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Where Do Human Rights Come From?

Dafydd Mills Daniel from the University of Oxford looks at links between the United Nations, Richard III, Disney's Jiminy Cricket and arguments about religious conscience.

You don't have to be religious to believe that, as the United Nation's Universal Declaration of Human Rights states, "all human beings have the right to be free and treated equally." However, drawing on a wide range of examples including Shakespeare's Richard III to Disney's Jiminy Cricket, New Generation Thinker Dafydd Mills Daniel argues that the UN's emphasis on "reason and conscience" as the drivers of liberty and equality make the modern conception of human rights more religious, and less liberal, than both secular proponents and conservative critics have supposed.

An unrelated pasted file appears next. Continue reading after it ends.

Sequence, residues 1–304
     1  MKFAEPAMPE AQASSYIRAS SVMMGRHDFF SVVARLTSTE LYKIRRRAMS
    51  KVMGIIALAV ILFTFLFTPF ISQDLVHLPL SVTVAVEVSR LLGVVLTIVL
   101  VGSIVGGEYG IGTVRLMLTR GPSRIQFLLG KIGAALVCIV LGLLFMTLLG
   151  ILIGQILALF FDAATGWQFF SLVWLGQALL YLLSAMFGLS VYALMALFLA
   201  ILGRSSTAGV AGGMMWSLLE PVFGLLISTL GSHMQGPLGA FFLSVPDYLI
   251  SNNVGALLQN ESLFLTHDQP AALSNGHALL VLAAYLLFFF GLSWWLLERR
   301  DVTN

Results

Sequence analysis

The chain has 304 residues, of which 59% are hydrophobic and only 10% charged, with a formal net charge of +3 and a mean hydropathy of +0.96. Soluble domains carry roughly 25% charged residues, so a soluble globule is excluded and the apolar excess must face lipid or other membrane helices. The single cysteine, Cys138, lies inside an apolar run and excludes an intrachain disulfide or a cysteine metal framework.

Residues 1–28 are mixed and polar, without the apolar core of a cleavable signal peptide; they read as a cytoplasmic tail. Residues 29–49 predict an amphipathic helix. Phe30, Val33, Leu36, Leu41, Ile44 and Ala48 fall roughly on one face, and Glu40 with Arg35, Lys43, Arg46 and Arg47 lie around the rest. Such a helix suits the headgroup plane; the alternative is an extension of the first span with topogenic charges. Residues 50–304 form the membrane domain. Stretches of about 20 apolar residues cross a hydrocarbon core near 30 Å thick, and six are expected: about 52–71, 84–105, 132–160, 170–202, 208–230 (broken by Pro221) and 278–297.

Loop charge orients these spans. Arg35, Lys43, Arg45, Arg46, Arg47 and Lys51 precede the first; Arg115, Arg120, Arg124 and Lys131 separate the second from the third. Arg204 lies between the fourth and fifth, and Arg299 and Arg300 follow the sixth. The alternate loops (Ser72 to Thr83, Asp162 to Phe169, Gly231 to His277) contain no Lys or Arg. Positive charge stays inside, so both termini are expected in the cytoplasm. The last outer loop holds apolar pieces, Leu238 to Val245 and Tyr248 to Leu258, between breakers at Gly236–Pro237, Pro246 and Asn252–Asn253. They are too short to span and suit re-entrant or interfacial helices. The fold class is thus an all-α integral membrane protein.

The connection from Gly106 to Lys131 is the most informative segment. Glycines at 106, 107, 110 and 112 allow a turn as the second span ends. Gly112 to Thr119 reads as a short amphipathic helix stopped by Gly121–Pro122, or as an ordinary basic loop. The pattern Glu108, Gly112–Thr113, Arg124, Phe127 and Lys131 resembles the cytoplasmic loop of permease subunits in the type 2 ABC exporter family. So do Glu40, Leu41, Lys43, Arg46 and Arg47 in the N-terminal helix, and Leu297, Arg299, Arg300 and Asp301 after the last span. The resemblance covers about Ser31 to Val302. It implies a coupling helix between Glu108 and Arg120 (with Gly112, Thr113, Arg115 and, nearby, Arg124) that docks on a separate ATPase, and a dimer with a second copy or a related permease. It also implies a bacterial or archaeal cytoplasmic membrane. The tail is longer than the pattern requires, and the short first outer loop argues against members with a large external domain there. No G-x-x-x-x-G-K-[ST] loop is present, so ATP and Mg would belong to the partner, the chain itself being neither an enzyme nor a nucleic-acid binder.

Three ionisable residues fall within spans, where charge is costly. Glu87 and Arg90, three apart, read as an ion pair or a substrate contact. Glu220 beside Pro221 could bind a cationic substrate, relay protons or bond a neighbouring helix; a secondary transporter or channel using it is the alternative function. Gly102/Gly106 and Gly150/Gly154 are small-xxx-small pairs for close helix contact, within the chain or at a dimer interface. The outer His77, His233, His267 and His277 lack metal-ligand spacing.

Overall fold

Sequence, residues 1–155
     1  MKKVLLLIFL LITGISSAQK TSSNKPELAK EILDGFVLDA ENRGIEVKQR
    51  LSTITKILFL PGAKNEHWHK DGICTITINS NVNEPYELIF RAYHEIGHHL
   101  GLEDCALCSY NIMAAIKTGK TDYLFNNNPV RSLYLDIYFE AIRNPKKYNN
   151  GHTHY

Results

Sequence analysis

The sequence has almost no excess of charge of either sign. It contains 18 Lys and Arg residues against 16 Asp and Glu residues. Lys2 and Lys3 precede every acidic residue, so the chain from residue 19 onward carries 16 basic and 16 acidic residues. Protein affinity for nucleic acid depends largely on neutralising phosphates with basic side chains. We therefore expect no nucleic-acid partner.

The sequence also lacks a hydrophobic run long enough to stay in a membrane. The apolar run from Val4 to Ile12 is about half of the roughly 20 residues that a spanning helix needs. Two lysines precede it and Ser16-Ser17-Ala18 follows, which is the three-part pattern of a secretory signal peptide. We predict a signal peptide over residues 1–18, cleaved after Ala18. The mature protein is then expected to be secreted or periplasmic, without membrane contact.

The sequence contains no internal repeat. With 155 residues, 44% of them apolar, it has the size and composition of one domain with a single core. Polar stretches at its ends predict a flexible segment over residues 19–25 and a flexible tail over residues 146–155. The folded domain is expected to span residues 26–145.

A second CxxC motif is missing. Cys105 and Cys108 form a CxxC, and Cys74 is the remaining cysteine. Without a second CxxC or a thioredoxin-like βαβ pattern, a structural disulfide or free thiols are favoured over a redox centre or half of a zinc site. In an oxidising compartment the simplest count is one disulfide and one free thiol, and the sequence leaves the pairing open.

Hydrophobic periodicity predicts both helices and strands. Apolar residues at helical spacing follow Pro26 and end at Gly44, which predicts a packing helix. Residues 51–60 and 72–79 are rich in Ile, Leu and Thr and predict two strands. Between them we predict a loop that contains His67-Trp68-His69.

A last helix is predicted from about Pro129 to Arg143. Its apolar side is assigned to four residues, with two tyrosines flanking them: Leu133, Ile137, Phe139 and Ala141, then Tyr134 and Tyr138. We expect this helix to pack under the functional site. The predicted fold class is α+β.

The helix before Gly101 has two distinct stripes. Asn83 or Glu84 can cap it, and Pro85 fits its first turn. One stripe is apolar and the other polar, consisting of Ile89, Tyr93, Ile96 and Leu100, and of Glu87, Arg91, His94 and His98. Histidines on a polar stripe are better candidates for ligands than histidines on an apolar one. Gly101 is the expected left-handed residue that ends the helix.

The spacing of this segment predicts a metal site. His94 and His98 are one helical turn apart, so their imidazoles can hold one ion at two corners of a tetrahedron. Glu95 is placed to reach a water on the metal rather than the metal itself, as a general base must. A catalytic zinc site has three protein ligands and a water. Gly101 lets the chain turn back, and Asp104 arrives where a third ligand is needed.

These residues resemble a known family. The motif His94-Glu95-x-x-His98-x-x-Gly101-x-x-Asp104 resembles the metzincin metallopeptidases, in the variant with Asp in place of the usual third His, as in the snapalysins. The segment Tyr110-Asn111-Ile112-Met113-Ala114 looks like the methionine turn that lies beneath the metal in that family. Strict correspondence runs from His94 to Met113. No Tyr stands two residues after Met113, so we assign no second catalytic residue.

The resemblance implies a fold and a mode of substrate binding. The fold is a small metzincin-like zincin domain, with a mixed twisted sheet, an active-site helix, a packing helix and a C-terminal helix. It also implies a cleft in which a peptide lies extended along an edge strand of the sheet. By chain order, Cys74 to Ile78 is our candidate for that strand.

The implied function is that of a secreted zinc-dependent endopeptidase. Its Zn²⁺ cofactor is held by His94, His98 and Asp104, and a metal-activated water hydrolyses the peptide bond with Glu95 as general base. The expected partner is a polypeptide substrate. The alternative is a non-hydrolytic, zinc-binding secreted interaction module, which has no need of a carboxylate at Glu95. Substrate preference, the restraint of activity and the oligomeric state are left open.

Dafydd Mills Daniel lectures on theology and ethics at the University of Oxford, and researches the history and development of theories of conscience.

The Essay was recorded at the Free Thinking Festival at Sage Gateshead and - like all the New Generation Thinker Essays - you can hear a longer version with audience questions as a BBC Arts&Ideas podcast. You can also see Dafydd in a National Geographic TV show talking about the last Sin Eater.

New Generation Thinkers is a scheme run by BBC Radio 3 and the Arts and Humanities Research Council to select 10 academics each year who can turn their research into radio.

Producer: Jacqueline Smith

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14 minutes


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